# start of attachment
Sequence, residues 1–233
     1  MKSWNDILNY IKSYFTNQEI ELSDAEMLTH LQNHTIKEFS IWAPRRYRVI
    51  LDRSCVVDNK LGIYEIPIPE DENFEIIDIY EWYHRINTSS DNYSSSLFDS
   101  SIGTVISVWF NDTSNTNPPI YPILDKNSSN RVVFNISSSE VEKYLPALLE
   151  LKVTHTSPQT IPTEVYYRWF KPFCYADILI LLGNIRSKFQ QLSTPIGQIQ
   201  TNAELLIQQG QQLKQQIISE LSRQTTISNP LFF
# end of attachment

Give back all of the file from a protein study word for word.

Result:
Sequence, residues 1–233
     1  MKSWNDILNY IKSYFTNQEI ELSDAEMLTH LQNHTIKEFS IWAPRRYRVI
    51  LDRSCVVDNK LGIYEIPIPE DENFEIIDIY EWYHRINTSS DNYSSSLFDS
   101  SIGTVISVWF NDTSNTNPPI YPILDKNSSN RVVFNISSSE VEKYLPALLE
   151  LKVTHTSPQT IPTEVYYRWF KPFCYADILI LLGNIRSKFQ QLSTPIGQIQ
   201  TNAELLIQQG QQLKQQIISE LSRQTTISNP LFF